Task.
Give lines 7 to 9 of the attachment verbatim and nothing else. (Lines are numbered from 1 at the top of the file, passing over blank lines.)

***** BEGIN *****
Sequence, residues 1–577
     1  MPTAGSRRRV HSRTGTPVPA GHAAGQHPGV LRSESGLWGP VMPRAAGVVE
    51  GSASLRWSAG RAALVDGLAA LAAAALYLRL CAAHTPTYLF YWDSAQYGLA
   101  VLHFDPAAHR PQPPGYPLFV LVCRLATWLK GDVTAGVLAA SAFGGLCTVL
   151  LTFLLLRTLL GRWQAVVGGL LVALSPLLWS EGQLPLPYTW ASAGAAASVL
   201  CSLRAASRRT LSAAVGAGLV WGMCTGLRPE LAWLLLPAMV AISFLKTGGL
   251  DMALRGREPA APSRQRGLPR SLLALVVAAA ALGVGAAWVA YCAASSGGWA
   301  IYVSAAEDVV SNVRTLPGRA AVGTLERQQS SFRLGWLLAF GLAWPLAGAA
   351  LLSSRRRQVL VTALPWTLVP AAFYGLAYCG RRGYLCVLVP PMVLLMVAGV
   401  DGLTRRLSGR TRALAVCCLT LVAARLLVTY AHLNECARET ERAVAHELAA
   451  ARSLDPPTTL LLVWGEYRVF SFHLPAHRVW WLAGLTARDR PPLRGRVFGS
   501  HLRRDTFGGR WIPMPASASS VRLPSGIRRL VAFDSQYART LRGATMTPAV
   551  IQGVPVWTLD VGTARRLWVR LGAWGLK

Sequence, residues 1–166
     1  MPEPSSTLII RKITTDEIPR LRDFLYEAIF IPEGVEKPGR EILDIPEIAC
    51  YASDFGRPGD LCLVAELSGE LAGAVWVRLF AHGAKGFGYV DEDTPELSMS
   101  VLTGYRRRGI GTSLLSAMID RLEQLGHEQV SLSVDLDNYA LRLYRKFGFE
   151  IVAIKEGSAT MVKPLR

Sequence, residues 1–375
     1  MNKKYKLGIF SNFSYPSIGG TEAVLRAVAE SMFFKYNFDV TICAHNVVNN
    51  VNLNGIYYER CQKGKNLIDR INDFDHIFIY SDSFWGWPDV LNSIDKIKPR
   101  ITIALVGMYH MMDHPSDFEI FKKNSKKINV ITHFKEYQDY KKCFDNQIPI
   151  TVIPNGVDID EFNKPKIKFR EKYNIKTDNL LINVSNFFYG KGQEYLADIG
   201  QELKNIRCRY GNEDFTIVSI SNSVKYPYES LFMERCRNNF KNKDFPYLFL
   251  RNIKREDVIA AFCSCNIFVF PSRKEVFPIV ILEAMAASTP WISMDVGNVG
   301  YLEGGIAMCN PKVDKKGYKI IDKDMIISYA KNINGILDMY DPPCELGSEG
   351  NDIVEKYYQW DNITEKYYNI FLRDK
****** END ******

   251  DMALRGREPA APSRQRGLPR SLLALVVAAA ALGVGAAWVA YCAASSGGWA
   301  IYVSAAEDVV SNVRTLPGRA AVGTLERQQS SFRLGWLLAF GLAWPLAGAA
   351  LLSSRRRQVL VTALPWTLVP AAFYGLAYCG RRGYLCVLVP PMVLLMVAGV